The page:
Some of you may remember my recent reviewof the 8264 Hauler. In that review, I was looking at the new solid panels and made the following observation:
Since I am unwilling to let anything go unexplained, I have been racking my brain on this one and I believe I have come up with the answer. On a normal Technic liftarm, beam, or brick, the holes have a slight countersink. This allows the interlocking flange on the end of the mating pin to snap open into place and remain firmly attached. The countersink prevents the pin flange from protruding beyond the face of the part. In the case of this panel, the entire surface is moved back instead of using individual countersinks. Why? I believe that the reason is so that the parts can be removed from the molds. A normal beam can have the die on either side parted to release the part. In this case, since these features face inward, there would be no way to release the mold from the part if the faces were not planar (unless you had an expensive collapsible mold).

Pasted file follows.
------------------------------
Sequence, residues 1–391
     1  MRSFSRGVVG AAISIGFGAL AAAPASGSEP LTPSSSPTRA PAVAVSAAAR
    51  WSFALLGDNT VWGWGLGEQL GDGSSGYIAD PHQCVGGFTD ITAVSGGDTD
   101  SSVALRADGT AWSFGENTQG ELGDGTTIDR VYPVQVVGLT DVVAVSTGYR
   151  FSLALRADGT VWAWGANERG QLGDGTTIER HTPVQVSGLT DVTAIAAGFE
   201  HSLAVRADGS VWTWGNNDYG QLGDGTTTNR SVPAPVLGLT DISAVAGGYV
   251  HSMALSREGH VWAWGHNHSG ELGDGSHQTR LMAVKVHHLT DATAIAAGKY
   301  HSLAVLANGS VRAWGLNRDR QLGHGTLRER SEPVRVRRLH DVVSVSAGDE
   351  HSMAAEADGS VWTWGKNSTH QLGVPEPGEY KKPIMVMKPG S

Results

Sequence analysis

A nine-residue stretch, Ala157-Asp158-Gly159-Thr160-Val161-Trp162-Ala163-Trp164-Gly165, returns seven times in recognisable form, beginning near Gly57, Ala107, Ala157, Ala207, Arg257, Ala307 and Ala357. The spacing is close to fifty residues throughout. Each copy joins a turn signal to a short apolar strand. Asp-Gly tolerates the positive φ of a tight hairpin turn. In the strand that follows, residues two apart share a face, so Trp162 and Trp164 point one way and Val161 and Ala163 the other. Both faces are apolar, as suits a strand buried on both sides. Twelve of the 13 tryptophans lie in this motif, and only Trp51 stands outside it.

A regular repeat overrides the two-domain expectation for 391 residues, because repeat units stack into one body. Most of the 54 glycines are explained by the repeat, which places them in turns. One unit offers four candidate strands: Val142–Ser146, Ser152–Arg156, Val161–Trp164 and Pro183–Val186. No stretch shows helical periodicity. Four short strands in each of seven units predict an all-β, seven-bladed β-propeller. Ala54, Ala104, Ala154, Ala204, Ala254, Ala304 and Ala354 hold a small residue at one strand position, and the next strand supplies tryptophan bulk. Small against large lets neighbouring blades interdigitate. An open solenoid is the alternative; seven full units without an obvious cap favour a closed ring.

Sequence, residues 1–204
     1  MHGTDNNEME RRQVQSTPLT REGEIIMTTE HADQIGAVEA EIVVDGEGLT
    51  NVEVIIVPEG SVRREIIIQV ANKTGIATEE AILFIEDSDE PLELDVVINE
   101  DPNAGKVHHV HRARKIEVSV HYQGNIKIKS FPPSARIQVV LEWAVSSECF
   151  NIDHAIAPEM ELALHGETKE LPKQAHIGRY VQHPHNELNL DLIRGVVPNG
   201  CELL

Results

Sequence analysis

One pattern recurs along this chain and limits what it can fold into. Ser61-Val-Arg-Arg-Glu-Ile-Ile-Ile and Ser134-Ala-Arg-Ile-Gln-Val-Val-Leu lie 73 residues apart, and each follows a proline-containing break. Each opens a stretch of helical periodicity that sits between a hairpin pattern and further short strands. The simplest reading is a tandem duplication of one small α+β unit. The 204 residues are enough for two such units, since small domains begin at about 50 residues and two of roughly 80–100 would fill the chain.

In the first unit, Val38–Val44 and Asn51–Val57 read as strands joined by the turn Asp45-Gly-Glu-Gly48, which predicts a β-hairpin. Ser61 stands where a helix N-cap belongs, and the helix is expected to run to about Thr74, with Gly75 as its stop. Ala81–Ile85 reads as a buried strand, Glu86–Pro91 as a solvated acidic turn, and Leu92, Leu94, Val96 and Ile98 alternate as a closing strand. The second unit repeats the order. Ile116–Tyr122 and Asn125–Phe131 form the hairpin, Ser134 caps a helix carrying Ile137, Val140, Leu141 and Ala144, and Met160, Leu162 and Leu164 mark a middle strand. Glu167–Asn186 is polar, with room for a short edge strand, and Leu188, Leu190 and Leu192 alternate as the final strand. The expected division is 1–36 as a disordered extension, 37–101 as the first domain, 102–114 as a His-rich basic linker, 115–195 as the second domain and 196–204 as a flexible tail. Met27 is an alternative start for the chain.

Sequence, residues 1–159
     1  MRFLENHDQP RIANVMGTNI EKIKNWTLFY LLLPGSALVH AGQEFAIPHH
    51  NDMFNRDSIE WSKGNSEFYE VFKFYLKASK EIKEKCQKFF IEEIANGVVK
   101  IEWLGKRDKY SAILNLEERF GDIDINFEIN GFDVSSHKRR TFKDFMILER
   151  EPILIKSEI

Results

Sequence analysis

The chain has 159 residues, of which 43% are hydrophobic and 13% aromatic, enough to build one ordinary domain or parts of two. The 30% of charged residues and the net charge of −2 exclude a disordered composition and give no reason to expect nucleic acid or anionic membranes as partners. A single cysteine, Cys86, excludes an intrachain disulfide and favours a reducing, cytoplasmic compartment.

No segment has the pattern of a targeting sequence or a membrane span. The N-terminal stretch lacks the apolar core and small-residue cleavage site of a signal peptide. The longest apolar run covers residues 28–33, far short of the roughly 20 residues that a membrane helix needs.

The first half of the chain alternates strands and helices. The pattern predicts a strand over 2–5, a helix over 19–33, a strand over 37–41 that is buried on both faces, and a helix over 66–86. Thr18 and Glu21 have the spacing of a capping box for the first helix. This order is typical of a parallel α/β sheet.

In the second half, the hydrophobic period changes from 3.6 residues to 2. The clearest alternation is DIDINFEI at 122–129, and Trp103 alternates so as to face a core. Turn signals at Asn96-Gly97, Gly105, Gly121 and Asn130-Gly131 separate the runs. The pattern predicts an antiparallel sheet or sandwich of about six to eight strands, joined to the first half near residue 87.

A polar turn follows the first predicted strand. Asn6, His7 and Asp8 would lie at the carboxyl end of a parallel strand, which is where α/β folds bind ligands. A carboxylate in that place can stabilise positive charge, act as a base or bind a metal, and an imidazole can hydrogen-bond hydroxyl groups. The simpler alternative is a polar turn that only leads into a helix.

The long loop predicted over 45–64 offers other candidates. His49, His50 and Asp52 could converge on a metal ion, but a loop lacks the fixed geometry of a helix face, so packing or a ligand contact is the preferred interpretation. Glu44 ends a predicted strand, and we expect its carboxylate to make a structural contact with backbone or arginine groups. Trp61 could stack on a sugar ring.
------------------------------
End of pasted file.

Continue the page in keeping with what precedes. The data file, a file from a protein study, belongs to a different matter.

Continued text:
There you go, mystery solved. You may now go back to your lives without this question continually nagging at your brain.